In the desperate days of June 1940 captain Philippe de Hauteclocque made his way to London and adopted the war-name of “Leclerc”. As a great tactician and outstanding leader, he enjoyed a blistering career. His name and that of his 2nd Armored Division are associated with the liberation of Paris in August 1944.
Philippe de Hauteclocque was one of the officers who refused to accept the defeat of 1940 and continued to fight in the ranks of Free France. He took on the pseudonym Leclerc as his nom de guerre. His star rapidly ascended: still a captain in July 1940, he was promoted to general in 1941.
His first mission was to rally the Free French Forces in French Equatorial Africa. From bases in Chad, Leclerc directed expeditions against the Italian forces in Libya. There he swore with his men not to lay down their arms before seeing the French flag fly over Strasbourg cathedral. After the Allied success in North Africa, Leclerc succeeded to unite a variety of forces from Free France and the former Vichy Army in the new 2nd French Armored Division. The division landed in France on 1 August 1944 and was tasked with liberating Paris. The 2nd division then continued to fight in Alsace and liberated Strasbourg in November 1944.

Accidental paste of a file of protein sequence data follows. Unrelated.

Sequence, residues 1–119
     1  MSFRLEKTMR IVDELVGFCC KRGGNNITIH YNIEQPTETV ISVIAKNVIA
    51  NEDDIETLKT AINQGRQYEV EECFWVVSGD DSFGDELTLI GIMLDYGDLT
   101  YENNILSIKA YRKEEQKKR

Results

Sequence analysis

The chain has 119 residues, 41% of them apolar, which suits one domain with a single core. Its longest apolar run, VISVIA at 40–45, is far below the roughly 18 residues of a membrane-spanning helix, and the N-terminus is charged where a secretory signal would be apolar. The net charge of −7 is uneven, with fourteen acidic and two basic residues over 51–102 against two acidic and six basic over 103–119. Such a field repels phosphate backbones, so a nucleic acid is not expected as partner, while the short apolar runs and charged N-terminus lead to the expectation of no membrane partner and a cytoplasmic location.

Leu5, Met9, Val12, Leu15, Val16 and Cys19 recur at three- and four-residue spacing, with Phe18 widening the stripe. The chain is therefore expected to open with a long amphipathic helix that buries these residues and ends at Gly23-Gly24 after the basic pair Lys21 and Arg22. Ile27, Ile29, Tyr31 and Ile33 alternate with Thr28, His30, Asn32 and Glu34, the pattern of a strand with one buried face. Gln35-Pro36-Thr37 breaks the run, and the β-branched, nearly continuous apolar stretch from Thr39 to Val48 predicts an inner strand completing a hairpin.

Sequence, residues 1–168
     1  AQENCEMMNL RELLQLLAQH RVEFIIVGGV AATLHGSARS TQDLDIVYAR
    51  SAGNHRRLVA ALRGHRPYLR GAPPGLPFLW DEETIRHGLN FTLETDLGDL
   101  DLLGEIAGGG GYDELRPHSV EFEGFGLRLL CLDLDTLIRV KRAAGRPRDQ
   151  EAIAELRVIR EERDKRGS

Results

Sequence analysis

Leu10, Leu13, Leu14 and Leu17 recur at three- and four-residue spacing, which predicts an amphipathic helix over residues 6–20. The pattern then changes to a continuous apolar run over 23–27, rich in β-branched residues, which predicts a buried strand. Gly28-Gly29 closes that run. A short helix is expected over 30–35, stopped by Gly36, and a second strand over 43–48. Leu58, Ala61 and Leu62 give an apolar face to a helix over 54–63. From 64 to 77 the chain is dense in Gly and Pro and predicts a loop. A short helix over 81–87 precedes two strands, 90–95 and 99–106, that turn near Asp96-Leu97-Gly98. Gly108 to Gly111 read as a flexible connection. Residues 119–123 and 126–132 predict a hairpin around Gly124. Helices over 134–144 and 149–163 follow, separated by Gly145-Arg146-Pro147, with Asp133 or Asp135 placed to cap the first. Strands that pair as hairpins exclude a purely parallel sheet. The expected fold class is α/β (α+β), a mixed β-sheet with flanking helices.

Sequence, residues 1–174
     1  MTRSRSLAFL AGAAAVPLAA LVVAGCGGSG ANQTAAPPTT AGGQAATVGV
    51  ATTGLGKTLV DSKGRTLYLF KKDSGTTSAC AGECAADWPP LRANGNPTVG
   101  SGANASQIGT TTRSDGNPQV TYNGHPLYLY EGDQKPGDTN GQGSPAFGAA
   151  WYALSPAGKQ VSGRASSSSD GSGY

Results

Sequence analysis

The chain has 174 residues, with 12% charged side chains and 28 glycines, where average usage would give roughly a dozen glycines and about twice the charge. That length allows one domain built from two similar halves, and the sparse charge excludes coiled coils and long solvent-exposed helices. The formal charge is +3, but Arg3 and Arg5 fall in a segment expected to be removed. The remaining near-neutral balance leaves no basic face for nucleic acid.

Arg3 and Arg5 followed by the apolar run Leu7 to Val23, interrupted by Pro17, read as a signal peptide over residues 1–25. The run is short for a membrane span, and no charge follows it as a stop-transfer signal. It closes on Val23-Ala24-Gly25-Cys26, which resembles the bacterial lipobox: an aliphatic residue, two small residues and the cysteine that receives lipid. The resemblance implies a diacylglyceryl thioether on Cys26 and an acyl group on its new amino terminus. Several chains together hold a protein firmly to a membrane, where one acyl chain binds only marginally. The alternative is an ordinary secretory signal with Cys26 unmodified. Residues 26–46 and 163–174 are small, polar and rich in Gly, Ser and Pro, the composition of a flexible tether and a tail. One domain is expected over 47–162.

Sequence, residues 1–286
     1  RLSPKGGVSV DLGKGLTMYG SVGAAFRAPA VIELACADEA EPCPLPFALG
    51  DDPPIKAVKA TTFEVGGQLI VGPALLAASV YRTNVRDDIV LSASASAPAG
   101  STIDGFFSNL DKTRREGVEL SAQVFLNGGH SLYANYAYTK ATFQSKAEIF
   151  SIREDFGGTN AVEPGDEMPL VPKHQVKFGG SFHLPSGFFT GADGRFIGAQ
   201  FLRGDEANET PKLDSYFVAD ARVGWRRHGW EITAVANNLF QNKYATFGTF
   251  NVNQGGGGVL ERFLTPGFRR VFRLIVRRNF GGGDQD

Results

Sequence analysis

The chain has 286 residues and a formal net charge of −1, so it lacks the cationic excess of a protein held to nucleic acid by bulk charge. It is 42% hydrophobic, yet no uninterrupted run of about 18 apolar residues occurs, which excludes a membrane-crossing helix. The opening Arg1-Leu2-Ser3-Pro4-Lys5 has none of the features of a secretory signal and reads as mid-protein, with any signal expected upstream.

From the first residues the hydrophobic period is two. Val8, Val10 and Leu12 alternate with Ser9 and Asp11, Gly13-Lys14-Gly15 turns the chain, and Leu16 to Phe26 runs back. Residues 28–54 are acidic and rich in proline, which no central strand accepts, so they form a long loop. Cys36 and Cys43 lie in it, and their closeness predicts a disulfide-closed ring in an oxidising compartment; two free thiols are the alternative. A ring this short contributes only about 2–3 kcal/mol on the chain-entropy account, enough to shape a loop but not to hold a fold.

At the end of the war, the 2nd division arrived in Berchtesgaden, Hitler’s alpine residence. Leclerc died in a plane accident in Algeria in 1947. He was posthumously promoted Marshal of France. His energy and charisma made him a major national figure.
The Charles de Gaulle Historial presents the story of a man whose life is closely linked to the liberation of France. The museum uses high-tech multimedia equipment to unfold the career path of the general and help visitors understand the extent of Charles de Gaulle’s stamp on the history of France.
The museum of the liberation of the Colmar Pocket, full of authentic big and small artefacts, tells the story of a dramatic page of Alsatian history during the bitter cold fighting for the Colmar Pocket.
The Army Museum in Paris, created in 1905, is one of the biggest museums of military art and history in the world. Its Contemporary Department retraces the story of the French Army from the period 1871 to 1945 and thus covers both World Wars. The Army Museum encompasses the Historial Charles de Gaulle and the Museum of the Order of the Liberation.
The Museum of the Order of the Liberation in Paris documents the history of the Free French Forces, the government-in-exile led by General Charles de Gaulle during WWII. The permanent exhibition presents more than 2,000 pieces retracing the journey of the Companions. The exhibit features three galleries: Free France, The Inner Resistance, and The Deportation.
A statue of General Charles de Gaulle stands near the Champs Elysées in Paris, France. During the Second World War, the German forces in Paris surrendered on August 25, 1944. The next day de Gaulle paraded on the Champs-Elysées.
The Musée de la Libération de Paris – Musée du Général Leclerc – Musée Jean Moulin was reopened into its new location at place Denfert-Rochereau on August 25, 2019, to mark the 75th anniversary of the Liberation of Paris.